If you decide to visit only one smashed up castle in Germany, make it Hohentwiel. In a nutshell, this place is absolutely stunning! The extensive grounds dwarf the other ruins we have explored. But, bring a picnic – you’ll be here a while!First built in 914, the fortress at Hohentwiel (near Singen) at different times housed both a monastery and a prison. During its heyday, it was considered unconquerable. It’s no wonder that Napoleon ordered Hohentwiel destroyed in 1801. Today, it’s the largest castle ruin complex in Germany, a claim verified by our good friend Wikipedia.We arrived by car, but it’s also possible to come by public transport. Stop half way up the mountain at the barn-like welcome center, and purchase your tickets (3,50 adults / kids free / family rate available). It’d be a shame to hack it up the hill, just to be stuck outside the iron gates!
Speaking of that “hill”… it’s a brutal one. It might look innocent enough at first; hey, it’s even paved most of the way. But the climb is quite steep. That’s not to say kids can’t or shouldn’t attempt it. We survived with a minimal amount of whining and, on the descent, observed a considerable number of senior citizens making the trek. So, buck up! You can do it!
Leave your pram at home unless you want to keep your arms in line with your ears the whole way. Even if you did muscle a stroller up the mountain, it’s rather useless inside the complex.
While we were walking up to the ruins, Doc Sci noticed cords and lights strung up along the path. When we reached the entrance, we found a stage and loads of equipment littering the fortress. Boo. Nothing like a bunch of techies and sound equipment to make a mess of your photographs.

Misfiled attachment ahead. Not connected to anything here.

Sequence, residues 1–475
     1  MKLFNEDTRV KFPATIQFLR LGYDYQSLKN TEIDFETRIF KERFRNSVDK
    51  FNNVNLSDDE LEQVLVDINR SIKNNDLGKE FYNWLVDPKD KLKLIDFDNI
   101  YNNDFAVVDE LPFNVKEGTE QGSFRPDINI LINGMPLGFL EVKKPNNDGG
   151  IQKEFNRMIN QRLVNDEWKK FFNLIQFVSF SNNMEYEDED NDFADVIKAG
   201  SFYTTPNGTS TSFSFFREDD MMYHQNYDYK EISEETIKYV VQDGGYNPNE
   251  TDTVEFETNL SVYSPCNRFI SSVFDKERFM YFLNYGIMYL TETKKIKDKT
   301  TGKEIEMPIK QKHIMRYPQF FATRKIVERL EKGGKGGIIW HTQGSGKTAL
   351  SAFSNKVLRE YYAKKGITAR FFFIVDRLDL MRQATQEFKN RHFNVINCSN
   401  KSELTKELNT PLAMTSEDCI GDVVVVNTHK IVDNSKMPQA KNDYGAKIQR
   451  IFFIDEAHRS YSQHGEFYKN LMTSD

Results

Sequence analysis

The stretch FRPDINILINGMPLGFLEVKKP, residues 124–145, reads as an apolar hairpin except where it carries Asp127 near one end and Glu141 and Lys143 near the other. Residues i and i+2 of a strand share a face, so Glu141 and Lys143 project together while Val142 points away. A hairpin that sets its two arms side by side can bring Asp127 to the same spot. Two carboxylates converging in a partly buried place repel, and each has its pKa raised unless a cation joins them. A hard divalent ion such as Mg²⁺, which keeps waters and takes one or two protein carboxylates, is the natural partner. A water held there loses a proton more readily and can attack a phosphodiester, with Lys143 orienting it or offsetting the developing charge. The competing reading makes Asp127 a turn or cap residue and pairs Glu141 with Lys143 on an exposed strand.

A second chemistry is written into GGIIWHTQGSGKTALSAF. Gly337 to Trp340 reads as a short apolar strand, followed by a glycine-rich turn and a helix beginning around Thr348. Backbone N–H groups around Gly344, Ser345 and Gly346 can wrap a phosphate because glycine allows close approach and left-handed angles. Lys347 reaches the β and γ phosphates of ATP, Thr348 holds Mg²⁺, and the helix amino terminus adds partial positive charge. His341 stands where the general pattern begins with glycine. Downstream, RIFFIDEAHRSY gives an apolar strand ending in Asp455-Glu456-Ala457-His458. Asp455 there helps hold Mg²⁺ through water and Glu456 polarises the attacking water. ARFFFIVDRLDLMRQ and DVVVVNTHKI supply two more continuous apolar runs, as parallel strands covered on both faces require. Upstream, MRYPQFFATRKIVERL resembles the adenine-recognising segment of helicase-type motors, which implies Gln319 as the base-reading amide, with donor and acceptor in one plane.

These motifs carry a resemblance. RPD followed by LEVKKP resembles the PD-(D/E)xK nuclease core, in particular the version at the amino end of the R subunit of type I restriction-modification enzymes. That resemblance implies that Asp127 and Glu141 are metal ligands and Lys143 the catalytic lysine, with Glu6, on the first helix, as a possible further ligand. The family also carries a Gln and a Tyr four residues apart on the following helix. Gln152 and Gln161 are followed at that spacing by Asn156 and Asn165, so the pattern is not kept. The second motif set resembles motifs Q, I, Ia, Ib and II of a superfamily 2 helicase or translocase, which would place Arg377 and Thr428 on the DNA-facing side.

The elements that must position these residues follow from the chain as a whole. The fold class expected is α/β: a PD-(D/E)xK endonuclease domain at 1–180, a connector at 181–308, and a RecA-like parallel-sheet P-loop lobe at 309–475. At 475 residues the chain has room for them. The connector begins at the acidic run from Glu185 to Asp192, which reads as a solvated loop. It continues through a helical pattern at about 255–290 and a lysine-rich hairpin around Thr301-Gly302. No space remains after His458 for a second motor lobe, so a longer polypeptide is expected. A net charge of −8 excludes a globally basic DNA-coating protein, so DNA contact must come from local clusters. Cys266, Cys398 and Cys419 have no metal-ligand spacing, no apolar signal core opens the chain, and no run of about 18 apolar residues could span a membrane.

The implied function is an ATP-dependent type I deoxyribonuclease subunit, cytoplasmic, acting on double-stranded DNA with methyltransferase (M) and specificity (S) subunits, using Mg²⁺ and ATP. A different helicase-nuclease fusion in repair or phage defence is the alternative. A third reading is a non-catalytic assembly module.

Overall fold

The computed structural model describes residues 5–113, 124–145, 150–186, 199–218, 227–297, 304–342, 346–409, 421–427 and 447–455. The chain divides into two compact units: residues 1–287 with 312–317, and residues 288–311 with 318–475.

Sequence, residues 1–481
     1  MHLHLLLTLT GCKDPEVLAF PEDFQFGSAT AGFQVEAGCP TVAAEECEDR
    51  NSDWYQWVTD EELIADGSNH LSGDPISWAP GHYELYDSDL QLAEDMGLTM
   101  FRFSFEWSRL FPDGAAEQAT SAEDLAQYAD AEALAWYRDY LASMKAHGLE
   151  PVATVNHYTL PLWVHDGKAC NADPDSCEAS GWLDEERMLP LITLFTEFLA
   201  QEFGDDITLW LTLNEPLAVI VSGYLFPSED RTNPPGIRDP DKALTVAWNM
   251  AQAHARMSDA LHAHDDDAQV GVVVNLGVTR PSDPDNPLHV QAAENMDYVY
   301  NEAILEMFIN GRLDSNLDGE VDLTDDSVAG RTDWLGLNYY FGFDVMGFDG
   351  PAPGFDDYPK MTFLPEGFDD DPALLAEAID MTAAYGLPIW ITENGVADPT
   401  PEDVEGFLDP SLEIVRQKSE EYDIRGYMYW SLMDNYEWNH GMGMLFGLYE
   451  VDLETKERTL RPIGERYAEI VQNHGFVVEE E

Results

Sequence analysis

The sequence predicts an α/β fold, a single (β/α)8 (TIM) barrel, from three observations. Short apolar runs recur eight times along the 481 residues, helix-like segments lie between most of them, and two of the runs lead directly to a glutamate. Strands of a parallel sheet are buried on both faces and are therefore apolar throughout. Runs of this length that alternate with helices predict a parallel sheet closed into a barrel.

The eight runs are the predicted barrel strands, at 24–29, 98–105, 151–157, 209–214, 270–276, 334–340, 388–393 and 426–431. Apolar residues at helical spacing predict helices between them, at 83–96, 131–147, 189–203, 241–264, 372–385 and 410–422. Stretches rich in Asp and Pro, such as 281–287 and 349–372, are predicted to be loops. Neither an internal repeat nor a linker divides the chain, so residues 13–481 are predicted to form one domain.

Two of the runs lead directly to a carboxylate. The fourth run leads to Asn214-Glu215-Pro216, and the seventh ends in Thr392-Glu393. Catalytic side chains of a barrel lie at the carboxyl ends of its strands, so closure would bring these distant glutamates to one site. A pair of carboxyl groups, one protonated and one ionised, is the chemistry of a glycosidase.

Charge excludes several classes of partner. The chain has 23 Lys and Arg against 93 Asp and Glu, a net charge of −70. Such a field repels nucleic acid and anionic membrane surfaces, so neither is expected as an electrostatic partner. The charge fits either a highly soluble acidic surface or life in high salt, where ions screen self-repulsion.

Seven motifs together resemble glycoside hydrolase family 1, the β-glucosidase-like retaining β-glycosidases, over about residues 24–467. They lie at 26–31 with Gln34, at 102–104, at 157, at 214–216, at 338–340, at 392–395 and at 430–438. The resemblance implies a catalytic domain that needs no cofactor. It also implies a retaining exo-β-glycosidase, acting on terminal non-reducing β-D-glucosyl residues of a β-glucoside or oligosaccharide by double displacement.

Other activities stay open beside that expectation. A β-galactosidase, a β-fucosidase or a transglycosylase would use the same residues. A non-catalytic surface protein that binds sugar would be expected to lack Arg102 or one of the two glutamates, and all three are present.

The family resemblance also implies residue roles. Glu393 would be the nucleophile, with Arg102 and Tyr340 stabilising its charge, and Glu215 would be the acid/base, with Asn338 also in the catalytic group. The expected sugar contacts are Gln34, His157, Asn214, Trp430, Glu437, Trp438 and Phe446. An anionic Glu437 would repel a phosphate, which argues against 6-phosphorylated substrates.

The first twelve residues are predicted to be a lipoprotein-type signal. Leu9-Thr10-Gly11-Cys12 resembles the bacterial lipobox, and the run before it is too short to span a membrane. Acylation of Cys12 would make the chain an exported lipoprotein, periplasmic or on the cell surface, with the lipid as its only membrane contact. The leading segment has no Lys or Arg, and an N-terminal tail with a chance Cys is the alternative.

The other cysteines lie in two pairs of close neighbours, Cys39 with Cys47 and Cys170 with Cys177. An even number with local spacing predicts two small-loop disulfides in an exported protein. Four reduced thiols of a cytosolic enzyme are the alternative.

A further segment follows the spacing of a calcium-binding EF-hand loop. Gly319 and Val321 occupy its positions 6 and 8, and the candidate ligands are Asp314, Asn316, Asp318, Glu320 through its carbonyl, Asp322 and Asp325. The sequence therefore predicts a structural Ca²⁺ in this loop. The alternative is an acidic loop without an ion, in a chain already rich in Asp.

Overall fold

Visitors to Hohentwiel have several levels of ruins to conquer. We didn’t look around the lower part on account of it being chock full of kegs and beer advertisements. After a quick gander over the wall, we carried on up the steep, rocky path.
On the main level, we found the tower. It’s not very pretty to photograph due to the cell phone antennae bolted to the side. The view, however, goes beyond amazing. On a clear day, you can see the Alps!
The boys and I decided to investigate the tunnels underneath the original castle structure. They giggled with delight as their shoes slid around on the slimy stones. I couldn’t get over how much cooler the air felt; my non-scientific self estimated a 20F difference. Nothing like free, natural air conditioning!
The best discovery for me lay in a smallish circular tower (real technical, I know) on the south side of the fortress. Initially, we climbed down to it in order to snap a photo of the view, sans crowd control barriers. We were delighted to find that we could, in fact, go on the tower.
Down, down, down, we picked our way carefully on the stone steps of the circular staircase. We found ourselves in a cool, quiet recess. The boys climbed up the rock in several places. From here, we could watch the festival worker bees scurrying to set up their ugly equipment.
We spent roughly two hours at the Hohentwiel ruins, and we would’ve stayed longer if we had not made plans to visit a few places in Switzerland later in the day. As I mentioned earlier, I highly recommend bringing a sack lunch. I noticed several proper picnic tables as well as benches. Even the most boring salami sandwich can be turned into a memorable meal when this is your backdrop!If you’re within day trip distance of Singen, add these ruins to the top of your “must see” list. Unfortunately for us, no ruin in Germany will ever impress as much as the Hohentwiel. Fortunately, we don’t care – we’ll never stop exploring!
Visiting the Bodensee / Lake Constance area? You won’t want to miss Mainau, Stein am Rhein, or the city of Konstanz. What are your favorite smashed up castles, German or otherwise?You can find this post and loads of absolutely fascinating travel-related posts at the Sunday Traveler hosted by my friend Chasing the Donkey. Check this week’s list out here!